Wednesday, October 8, 2008

Are We Ready to Elect the Perfect Moron?

I registered voters today with the League of Women Voters, which has been one of the joys of my civic life for decades. We attend classes that explain all the relevant rules governing voting and do our best to get as many people registered as possible before election day. I cannot begin to tell you how pleasurable it is to meet so many people who can't wait to tell me, "Don't worry! I'm already registered," or "Thank you so much for coming out to our work site! We've got quite a few people waiting to either register for the first time, check on their registration, or update their addresses." What a great day! (And you are invited to join and add your voice to the League's efforts this year! We have many men who are pleased to be members too.) Immediately upon arrival at home I was met with this eye opener (emphasis marks and some editing are mine - Ed.):

So, it comes to this: Are we a nation of complete and utter imbeciles? It's been the better part of a century since H.L. Mencken predicted this danger with these words:
"The Presidency tends, year by year, to go to such men. As democracy is perfected, the office represents, more and more closely, the inner soul of the people. We move toward a lofty ideal. On some great and glorious day the plain folks of the land will reach their hearts' desire at last, and the White House will be adorned by a downright moron."
I'd be the last to question the moronicity of George W. Bush, but Sarah Palin is substantially dumber, bizarrely crazier, and dangerously and arrogantly less aware of her own shortcomings. At the moment, polls that are conducted in ways that tend to favor McCain and Palin (including polling disproportionate numbers of Republicans, not polling cell phone users, not polling newly registered voters, etc.) are forecasting a decisive victory for Obama and Biden. That gap is likely to expand of its own dumb momentum, as people prefer to vote for the winners. But there are two things that could change it. The first possibility is that something could happen or be made to happen to SCARE everybody. It could be terrorism or war or economic collapse or martial law or assassinations. Americans are not actually morons when they're not scared. But when they are scared, they make lemmings look like heroes. So, in this moment of clarity prior to the possible BIG SCARY THING that could happen during the next few weeks, I would like to urge all Americans to vote early, vote absentee, and/or swear on whatever we hold dear not to alter our votes because we've been caused to pee in our pants. The second possibility is that we will all try to elect the candidates who are less like Bush and Cheney, but that our votes will be blocked, suppressed, erased, stolen, miscounted, and lost. The elimination of thousands of names from voting rolls is in process all over the country. The propagation of false rumors regarding voter eligibility, voter rights, and the date of the election (it's November 4th, Tuesday!) is underway. Completely unverifiable electronic voting machines are in place and ready to miscount your votes. This is a much bigger issue than a single election, and any irregularities must be challenged even if we think the official outcome turns out to be accurate. To get involved in this now go to The BradBlog and Velvet Revolution To join in a massive protest to reclaim our democratic republic immediately upon and in the event of a fraudulent election, sign the pledge right now at: No More Stolen Elections! Don't be an idiot!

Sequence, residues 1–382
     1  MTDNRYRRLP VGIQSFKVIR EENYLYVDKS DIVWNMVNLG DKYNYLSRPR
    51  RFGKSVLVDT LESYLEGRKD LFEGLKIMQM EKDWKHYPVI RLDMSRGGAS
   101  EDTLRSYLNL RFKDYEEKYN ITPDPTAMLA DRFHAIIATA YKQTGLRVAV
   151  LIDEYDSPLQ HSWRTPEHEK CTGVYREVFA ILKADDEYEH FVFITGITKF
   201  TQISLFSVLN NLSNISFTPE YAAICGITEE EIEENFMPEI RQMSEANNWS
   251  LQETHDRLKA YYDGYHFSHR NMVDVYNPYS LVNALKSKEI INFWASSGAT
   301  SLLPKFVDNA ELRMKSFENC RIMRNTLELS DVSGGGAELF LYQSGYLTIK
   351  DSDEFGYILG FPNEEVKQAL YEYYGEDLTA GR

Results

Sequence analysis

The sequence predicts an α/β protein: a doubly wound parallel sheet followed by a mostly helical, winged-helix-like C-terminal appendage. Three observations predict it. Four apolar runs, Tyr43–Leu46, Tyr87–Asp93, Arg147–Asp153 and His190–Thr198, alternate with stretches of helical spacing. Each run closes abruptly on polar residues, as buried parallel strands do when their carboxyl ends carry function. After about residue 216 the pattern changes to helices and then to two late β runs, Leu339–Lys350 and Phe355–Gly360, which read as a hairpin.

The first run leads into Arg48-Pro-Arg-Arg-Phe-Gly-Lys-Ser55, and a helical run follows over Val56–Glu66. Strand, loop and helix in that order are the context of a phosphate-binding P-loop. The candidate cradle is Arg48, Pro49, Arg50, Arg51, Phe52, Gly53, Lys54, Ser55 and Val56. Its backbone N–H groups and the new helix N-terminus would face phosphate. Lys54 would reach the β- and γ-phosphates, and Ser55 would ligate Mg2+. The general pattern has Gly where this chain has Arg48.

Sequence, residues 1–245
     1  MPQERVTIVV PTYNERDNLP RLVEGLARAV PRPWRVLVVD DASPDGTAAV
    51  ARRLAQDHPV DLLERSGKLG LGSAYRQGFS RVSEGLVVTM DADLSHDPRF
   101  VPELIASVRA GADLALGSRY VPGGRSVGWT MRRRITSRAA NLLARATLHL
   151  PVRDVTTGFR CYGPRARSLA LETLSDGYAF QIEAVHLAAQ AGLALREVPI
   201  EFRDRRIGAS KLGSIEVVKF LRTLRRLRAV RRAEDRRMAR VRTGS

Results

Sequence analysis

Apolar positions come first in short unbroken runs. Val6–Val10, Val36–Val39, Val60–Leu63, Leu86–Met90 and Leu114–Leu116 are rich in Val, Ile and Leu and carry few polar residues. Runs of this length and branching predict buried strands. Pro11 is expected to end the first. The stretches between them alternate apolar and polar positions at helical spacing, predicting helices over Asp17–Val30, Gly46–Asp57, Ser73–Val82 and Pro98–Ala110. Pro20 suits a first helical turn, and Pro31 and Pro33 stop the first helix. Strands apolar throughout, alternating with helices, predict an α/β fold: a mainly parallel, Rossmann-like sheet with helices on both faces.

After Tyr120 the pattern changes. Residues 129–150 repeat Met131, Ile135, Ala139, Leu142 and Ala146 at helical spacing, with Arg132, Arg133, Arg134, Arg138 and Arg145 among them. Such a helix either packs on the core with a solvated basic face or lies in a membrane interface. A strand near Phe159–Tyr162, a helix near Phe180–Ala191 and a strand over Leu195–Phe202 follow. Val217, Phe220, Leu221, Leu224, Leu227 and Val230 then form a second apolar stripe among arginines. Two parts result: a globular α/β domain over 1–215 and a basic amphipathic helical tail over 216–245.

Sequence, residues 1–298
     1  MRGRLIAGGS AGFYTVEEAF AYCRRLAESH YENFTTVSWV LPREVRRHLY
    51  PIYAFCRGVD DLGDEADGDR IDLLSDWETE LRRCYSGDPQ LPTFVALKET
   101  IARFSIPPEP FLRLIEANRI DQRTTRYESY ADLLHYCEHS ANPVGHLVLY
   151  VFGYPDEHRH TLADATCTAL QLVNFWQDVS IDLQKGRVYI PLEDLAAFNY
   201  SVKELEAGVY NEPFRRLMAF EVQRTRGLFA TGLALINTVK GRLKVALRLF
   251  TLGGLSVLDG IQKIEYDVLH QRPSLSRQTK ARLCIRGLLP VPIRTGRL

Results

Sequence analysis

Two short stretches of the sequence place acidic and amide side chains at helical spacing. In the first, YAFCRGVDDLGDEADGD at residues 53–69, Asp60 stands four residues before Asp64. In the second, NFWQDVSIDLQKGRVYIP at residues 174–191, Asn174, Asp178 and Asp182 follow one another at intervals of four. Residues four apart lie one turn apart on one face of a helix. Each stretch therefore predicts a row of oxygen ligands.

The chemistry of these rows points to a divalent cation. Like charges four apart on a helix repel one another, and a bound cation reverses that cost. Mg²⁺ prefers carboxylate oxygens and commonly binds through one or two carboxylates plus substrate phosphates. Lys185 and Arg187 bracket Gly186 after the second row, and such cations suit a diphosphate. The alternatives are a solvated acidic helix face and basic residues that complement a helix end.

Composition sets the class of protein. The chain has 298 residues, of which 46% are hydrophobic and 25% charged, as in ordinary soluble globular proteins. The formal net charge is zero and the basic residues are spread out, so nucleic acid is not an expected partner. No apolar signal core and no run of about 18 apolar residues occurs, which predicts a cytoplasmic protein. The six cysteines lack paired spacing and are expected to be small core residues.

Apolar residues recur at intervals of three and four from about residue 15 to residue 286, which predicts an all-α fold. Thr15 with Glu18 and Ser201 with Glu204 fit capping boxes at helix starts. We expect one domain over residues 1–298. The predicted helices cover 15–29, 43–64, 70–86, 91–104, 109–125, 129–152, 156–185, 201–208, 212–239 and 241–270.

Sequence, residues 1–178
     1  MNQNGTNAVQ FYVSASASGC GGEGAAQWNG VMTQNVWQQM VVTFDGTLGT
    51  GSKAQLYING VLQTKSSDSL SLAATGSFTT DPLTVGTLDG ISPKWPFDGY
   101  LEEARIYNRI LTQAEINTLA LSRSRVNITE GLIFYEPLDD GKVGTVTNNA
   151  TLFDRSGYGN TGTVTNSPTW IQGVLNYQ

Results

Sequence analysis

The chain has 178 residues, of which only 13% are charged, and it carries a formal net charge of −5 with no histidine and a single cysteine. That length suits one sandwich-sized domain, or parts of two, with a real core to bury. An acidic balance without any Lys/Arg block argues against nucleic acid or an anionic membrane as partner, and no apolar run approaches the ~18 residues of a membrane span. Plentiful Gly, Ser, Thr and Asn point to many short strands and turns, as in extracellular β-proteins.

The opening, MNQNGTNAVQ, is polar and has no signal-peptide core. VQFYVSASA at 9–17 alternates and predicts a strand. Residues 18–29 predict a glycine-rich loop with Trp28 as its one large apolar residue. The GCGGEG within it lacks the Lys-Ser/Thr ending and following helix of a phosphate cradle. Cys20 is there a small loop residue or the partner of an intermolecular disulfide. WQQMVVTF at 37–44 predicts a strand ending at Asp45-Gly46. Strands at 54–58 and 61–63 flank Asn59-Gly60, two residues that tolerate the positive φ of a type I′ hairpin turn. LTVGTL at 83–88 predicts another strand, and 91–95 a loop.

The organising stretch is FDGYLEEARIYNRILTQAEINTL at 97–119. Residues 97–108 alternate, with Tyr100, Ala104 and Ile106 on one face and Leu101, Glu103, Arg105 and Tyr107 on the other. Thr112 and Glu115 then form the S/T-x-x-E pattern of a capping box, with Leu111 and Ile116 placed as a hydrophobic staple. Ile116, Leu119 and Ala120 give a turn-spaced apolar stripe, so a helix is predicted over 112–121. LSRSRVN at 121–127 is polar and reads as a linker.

Nouriel Roubini was interviewed today on Tech Ticker: Risk of a Systemic Financial Crisis and a Severe Recession is Rising, and it's worth your time to click on through and listen for a while. He makes a persuasive case that we should: